In my mind, stocks have been performing relatively well, given all the macro news that surrounds it. Investors know that Greece doesn't directly impact the U.S. economy, nor does China's stock market.
That's why the latter has slid more than 30% in the past month, yet has hardly impacted stocks until the past few sessions. The concern with Greece is that it could adversely impact Europe, which would then end up impacting U.S. earnings from multinational companies.
This isn't to say that these two events - plus Puerto Rico's blossoming debt burden - won't hurt stocks. Ultimately, they already have with stocks down around 4% from the highs.
But that's where I find the silver lining. The S&P 500 continues to chop up and down and volatility has shot higher. The CBOE Volatility Index is at levels not seen since February. Despite all of the volatility and macro headaches, stocks are just 4% off all-time highs.
That speaks pretty positively to me. Cris Sheridan over at Financial Sense recently published a piece about a potential market top. I think pieces like this are worth noting, because if nothing else, it keeps us in check and somewhat prevents us from becoming too euphoric.
I'm one of those people where I like to hear and see all angles of an argument and then decide. Whereas some people will be bullish or bearish and refuse to listen to anything else. I'm bullish on this market, but I take Sheridan's information and put it in the back of my mind.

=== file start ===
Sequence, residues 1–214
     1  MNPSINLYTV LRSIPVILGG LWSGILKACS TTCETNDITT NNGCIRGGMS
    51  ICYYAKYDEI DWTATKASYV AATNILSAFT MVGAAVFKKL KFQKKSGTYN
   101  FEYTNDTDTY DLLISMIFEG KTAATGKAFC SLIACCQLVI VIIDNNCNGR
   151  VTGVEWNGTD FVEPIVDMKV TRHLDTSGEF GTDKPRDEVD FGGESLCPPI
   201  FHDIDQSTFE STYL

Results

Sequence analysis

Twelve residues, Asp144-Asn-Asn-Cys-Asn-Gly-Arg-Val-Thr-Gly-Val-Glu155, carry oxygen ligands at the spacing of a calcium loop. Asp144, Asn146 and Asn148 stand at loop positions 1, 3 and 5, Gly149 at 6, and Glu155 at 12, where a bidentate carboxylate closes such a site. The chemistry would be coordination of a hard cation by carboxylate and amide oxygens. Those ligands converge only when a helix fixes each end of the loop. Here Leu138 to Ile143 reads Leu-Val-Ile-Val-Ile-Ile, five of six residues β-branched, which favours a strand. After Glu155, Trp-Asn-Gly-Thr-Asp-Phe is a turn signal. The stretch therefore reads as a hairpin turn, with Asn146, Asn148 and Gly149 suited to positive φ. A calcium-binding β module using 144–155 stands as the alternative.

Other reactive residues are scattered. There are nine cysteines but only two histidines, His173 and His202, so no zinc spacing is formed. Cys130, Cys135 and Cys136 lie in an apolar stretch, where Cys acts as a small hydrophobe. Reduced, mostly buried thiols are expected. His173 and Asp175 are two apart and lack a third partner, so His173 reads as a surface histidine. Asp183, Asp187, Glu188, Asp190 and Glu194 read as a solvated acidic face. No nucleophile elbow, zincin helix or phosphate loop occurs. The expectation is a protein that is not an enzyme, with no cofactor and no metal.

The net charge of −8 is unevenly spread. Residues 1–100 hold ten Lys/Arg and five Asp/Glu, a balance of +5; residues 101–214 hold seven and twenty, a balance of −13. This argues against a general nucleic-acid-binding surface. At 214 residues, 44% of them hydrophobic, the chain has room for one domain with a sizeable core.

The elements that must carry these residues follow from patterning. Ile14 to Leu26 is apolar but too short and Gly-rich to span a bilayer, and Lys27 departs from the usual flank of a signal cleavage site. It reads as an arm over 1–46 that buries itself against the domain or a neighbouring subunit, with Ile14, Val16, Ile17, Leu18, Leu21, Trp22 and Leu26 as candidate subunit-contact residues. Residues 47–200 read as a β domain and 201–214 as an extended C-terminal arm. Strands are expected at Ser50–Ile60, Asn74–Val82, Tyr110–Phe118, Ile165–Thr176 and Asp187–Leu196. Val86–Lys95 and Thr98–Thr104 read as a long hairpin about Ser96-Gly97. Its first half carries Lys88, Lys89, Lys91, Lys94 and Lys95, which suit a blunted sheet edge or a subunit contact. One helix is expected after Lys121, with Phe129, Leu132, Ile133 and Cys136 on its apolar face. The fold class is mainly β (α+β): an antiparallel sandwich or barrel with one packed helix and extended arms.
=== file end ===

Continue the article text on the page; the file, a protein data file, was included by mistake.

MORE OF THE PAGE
Maybe it prevents me from buying too much stock, or maybe it has me think twice about when to buy stocks.
My biggest problem with comparisons back to 2000 and 2007 - be it NYSE margin debt, buyback amounts, valuations, etc. - is that there isn't a comparable crisis on hand.
In 2000 we had the Nasdaq trading with an insane valuation, something that made zero sense (in hindsight). In 2007, we had total financial chaos, as too-big-to-fail institution where…failing.
So that brings me to today: The this or the that might be comparable and like in Sheridan's long-term chart, it has similar patterns to a topping market. But that doesn't mean an angry bear is lurking around the corner.
Not to cover all the bases necessarily, but that doesn't mean an a bear market isn't lurking, i just think it's improbable. The economic data is good, but not great, we still have low interest rates and the Fed seems unlikely move any time soon, and the U.S. dollar is steady.
Bull markets need a catalyst to end, they don't simply die just because someone decided it was time.
Maybe China's stock market is foretelling that the Chinese economy is crashing. Or maybe, because Chinese stocks have rallied such a crazy amount, this pullback is actually good.
Did you know, for all the fuss that is being made about Chinese stocks, that the Shanghai Composite, which fell 30% from its June highs, is still up 80% in the past year? Did you know that the index is still positive on the year, up 14.5%?
Up 14.5% is a banner year in the U.S., and all we can talk about is how that market is collapsing.
I'll be the first to admit, a big downturn in another big economy - like Europe or China - can absolutely have a spillover effect on U.S. stocks and the economy. But so far, it's nothing but speculation. Auto sales and housing data remains strong, along with all the other catalysts listed above.
There's no problem with lightening your exposure to stocks - after all, we are still 4% from the highs, not a bad spot to sell - and there's no issue with being cautious. There could easily be a 5% to 10% correction in the cards, because markets trade on emotion.
Disclosure: I am/we are long V, DIS, MA, SBUX, HAR, GM.